He worked with a wide network of clinical and bioengineering collaborators across the globe primarily in the clinical areas of falls, frailty, gait, cognitive impairment, diabetes, remote patient monitoring, and digital health. He received multiple prestigious awards including “the most Influential Health and Medical Leaders” award by Tucson Local Media in 2014. He is also included in the Stanford List of Top 100,000 Scientists (top 2%) in the world in the year of 2019 (re. Loannidis et al, PLOS Biology, 2020).
Rebecca Richards-Kortum is the Malcolm Gillis University Professor and member of the Department of Bioengineering at Rice University. After receiving a B.S. in Physics and Mathematics from the University of Nebraska-Lincoln in 1985, she continued her graduate work at the Massachusetts Institute of Technology, where she received a PhD in Medical Physics in 1990. She joined the faculty in Bioengineering at Rice University in 2005 and served as Chair of Bioengineering from 2005-2008 and 2012-2014.
She was named a Howard Hughes Medical Institute Professor in 2002 and 2006, and is an elected member of the US National Academy of Engineering, US National Academy of Sciences, the US National Academy of Inventors, the American Academy of Arts and Sciences, and the American Philosophical Society. She is a recipient of a MacArthur Foundation Fellowship.
Dr. Richards-Kortum’s group is developing imaging systems to enable better screening for oral, esophageal, and cervical cancer at the point-of-care in low-resource settings; novel, low-cost sensors to detect infectious diseases at the point-of-care; and technologies to improve neonatal care in low-resource settings.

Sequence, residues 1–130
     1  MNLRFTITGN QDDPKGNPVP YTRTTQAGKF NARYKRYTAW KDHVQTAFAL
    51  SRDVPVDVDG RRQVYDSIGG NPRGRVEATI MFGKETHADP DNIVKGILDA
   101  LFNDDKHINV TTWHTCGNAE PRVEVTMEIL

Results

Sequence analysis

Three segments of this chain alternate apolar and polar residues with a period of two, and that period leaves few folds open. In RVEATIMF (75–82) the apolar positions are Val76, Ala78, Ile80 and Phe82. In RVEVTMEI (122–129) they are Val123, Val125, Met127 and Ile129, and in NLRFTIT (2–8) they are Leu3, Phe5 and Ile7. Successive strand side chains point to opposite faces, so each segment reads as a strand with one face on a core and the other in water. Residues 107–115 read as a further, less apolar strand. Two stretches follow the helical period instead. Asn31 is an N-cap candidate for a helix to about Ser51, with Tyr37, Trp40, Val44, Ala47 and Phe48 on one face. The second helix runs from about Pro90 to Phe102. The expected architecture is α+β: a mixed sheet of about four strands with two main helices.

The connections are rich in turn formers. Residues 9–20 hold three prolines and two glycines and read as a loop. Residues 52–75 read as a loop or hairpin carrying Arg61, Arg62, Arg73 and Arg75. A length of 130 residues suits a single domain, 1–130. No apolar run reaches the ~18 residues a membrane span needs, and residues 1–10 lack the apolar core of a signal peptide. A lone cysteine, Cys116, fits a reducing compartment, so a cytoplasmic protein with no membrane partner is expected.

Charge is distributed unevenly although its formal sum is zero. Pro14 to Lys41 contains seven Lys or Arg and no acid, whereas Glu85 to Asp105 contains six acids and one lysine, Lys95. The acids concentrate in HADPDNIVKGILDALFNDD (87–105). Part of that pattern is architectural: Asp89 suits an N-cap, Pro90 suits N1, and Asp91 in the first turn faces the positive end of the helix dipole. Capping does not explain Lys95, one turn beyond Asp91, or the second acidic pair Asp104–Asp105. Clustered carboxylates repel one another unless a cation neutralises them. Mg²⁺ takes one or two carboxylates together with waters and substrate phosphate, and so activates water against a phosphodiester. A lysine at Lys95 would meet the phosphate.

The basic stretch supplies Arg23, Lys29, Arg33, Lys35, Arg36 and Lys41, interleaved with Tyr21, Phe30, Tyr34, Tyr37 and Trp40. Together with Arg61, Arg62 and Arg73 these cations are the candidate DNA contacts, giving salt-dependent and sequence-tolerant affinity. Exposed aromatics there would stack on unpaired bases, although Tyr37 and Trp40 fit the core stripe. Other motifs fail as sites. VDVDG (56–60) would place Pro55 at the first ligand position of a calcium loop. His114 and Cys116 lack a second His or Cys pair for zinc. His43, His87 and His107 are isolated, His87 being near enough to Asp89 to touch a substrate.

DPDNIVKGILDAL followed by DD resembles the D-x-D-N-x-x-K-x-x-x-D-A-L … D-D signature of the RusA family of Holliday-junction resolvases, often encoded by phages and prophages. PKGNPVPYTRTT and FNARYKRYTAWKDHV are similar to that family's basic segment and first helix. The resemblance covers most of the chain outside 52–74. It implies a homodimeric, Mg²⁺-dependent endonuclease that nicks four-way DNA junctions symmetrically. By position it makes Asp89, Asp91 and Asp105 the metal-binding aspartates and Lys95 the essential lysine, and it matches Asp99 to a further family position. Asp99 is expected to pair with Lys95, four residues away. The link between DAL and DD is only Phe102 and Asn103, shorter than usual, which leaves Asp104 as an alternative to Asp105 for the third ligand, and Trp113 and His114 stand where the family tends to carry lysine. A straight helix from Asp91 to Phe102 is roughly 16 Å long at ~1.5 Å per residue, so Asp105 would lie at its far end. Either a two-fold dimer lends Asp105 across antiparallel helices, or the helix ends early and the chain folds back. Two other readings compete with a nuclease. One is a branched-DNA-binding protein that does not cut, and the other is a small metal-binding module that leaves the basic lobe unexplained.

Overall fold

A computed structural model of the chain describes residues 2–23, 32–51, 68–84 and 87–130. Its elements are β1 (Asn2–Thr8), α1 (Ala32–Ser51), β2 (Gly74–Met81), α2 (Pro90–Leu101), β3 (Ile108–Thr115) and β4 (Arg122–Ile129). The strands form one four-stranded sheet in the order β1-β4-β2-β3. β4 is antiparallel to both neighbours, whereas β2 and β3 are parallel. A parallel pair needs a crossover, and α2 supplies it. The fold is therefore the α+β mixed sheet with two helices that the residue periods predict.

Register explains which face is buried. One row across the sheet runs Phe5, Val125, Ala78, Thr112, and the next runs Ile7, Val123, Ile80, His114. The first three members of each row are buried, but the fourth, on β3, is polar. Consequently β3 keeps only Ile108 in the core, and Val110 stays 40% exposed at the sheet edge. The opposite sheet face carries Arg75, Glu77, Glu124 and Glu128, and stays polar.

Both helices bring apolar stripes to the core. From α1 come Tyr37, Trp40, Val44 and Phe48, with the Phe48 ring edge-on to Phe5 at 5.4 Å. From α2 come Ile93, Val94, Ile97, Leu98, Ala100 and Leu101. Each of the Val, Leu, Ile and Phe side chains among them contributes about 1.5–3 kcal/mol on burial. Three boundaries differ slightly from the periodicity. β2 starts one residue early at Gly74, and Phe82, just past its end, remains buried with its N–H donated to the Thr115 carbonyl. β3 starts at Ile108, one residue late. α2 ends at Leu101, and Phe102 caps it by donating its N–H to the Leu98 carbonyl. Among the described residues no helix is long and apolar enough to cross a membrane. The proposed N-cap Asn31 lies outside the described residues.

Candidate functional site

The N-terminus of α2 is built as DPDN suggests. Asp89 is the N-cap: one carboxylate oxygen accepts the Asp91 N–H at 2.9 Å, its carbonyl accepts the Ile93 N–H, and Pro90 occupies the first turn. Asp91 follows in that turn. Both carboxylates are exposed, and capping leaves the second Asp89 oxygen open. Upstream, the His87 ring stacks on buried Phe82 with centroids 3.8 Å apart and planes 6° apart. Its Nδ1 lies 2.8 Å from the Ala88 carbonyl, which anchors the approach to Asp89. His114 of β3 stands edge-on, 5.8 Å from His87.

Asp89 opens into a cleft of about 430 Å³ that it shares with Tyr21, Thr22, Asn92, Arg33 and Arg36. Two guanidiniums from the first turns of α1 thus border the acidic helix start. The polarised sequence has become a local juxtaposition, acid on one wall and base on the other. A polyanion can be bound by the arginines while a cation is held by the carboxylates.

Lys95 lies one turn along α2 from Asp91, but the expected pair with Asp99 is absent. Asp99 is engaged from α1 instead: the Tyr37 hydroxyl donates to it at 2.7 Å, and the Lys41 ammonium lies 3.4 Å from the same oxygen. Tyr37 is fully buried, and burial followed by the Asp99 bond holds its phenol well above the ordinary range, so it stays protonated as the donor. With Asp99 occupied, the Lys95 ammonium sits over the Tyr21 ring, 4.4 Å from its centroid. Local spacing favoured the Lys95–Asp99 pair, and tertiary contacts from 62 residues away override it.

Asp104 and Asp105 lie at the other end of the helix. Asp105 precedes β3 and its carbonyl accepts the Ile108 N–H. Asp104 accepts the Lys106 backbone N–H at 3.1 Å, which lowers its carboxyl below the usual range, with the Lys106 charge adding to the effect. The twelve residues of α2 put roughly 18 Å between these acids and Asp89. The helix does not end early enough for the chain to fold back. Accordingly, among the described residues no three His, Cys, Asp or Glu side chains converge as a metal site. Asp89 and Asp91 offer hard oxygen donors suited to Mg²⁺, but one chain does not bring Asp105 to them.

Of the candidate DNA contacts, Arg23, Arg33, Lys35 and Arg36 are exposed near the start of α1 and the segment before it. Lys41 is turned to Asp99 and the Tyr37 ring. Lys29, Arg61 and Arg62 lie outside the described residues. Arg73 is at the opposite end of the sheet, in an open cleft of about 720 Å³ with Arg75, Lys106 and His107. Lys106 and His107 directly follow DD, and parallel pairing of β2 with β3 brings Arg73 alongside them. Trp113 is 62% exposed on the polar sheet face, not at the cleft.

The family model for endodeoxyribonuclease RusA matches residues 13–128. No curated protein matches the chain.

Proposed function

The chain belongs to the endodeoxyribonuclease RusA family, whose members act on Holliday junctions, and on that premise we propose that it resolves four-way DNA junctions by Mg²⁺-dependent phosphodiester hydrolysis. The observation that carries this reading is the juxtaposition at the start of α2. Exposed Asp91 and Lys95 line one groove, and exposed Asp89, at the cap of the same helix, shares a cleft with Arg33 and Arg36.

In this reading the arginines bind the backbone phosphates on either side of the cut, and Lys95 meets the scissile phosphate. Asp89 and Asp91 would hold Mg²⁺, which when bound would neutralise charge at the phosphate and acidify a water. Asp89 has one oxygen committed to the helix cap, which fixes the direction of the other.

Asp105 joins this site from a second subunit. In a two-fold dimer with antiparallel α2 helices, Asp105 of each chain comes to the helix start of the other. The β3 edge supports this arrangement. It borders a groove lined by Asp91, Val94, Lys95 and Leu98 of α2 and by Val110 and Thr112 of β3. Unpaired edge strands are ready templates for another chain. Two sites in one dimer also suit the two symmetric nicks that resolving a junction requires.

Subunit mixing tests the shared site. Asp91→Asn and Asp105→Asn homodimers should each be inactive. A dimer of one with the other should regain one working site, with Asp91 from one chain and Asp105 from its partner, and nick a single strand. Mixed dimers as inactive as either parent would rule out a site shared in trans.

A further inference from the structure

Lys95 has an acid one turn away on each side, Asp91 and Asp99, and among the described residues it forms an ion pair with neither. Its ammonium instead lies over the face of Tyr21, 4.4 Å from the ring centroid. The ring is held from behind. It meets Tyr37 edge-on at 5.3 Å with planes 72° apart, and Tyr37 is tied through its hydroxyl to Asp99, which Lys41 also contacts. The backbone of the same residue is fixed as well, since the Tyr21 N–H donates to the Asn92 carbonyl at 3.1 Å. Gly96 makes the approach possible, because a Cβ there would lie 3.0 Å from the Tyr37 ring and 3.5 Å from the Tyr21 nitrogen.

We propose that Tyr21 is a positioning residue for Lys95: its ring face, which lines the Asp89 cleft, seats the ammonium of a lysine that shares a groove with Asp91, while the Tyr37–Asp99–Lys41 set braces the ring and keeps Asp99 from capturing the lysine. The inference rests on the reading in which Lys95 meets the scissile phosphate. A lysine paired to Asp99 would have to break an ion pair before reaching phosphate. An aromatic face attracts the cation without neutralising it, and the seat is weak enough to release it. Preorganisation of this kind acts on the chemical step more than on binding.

Professor John A. Rogers obtained BA and BS degrees in chemistry and in physics from the University of Texas, Austin, in 1989. From MIT, he received SM degrees in physics and in chemistry in 1992 and the PhD degree in physical chemistry in 1995. From 1995 to 1997, Rogers was a Junior Fellow in the Harvard University Society of Fellows. He joined Bell Laboratories as a Member of Technical Staff in the Condensed Matter Physics Research Department in 1997, and served as Director of this department from the end of 2000 to 2002. He then spent thirteen years on the faculty at University of Illinois, most recently as the Swanlund Chair Professor and Director of the Seitz Materials Research Laboratory. In the Fall of 2016, he joined Northwestern University as the Louis Simpson and Kimberly Querrey Professor of Materials Science and Engineering, Biomedical Engineering and Medicine, with affiliate appointments in Mechanical Engineering, Electrical and Computer Engineering and Chemistry, where he is also Director of the recently endowed Querrey-Simpson Institute for Bioelectronics. His research has been recognized by many awards, including a MacArthur Fellowship (2009), the Lemelson-MIT Prize (2011), the Smithsonian Award for American Ingenuity (2013), the MRS Medal (2018), the Benjamin Franklin Medal (2019) and a Guggenheim Fellowship (2021). He is a member of the National Academy of Engineering, the National Academy of Sciences, the National Academy of Medicine, the National Academy of Inventors and the American Academy of Arts and Sciences.